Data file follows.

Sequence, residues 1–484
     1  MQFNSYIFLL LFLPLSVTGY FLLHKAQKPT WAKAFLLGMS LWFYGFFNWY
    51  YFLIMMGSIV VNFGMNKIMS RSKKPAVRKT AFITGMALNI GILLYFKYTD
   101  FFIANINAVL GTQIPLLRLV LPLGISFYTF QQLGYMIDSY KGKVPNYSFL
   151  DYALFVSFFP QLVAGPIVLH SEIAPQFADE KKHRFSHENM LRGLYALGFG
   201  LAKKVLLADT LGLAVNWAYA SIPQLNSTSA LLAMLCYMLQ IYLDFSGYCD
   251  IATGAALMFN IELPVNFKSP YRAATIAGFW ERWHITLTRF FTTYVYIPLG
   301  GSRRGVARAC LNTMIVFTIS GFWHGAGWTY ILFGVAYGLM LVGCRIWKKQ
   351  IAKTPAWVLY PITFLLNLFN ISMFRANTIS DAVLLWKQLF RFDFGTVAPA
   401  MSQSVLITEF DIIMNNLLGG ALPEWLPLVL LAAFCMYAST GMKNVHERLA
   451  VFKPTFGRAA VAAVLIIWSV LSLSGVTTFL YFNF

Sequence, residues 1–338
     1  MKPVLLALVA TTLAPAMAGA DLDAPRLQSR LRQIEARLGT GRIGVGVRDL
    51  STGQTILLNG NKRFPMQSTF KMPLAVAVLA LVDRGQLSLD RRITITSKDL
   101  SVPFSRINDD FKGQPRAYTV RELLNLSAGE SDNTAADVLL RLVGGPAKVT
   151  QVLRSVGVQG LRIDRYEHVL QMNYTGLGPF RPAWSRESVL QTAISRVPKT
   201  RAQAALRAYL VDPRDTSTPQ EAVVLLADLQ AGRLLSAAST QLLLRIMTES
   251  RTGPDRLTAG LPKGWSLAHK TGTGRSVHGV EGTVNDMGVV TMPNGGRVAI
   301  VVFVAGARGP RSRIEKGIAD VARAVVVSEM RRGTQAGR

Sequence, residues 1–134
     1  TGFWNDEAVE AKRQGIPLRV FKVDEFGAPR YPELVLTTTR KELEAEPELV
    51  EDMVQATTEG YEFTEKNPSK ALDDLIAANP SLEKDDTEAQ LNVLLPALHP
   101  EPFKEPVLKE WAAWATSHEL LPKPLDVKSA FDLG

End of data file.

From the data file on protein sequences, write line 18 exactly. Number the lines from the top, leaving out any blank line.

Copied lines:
   251  RTGPDRLTAG LPKGWSLAHK TGTGRSVHGV EGTVNDMGVV TMPNGGRVAI